With the pay increases, particularly at the lower end of the salary scale where the majority of NFL players reside, the NFL estimates that as much as an additional $100m will go to players this coming season.

Baltimore Ravens cornerback Marlon Humphrey was among the players vocally unhappy about about the final member turnout for voting.

“Around 500 players didn’t even vote on the new CBA …,” he tweeted. “It’s good and bad to this deal. I could see why anyone would vote either way. I just think it’s amazing guys don’t even care.”

With the labor deal now in place, the NFL can now get to work on selling its next cycle of US media rights, by far the league’s largest individual revenue source. With the ongoing coronavirus outbreak shutting down all US and college sports as we know it, and the national economy reeling from a large-scale stock market retreat, the NFL faces a much more uncertain landscape for that task. It’s expected that serious efforts toward new rights deals will not commence until the virus situation eases.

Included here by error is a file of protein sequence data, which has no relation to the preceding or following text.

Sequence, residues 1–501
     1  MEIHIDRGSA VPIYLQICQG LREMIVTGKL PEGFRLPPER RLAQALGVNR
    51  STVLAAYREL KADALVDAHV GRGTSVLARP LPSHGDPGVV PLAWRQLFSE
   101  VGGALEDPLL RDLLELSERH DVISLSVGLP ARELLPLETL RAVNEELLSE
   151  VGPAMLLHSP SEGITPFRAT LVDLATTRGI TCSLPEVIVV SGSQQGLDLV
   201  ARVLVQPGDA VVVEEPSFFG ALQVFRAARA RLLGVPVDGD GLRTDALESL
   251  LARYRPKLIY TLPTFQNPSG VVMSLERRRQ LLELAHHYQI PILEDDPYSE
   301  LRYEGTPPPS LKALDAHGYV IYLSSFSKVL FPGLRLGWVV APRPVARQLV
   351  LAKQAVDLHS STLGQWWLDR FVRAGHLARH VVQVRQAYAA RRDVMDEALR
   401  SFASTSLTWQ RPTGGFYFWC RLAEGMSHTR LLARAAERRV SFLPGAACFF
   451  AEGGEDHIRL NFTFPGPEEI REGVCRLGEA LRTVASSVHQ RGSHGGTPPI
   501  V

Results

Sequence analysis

Amid that unease, the NFL still enjoys the strong position of its games representing the most-watched programming on US television, regardless of genre. And the forthcoming increases in both regular season and playoff game inventory also gives the league with additional assets to offer TV networks.

“You look at what’s happening now with the market capitalization with some of the folks who either have rights now or want rights, and you wonder if they’re going to be comfortable making the same kind of commitments as they would two months ago,” Ganis said. “That opens the situation up for non-traditional players. But we were always going to get non-traditional players in the next cycle.”

Despite the successful player vote on the CBA, the NFLPA still faces a formal complaint before the National Labor Relations Board from offensive lineman Russell Okung. The union’s executive committee, of which Okung was formerly part, rejected the labor deal on a 6-5 vote, and Okung in part argues that vote means the deal should have never gone before the full union membership.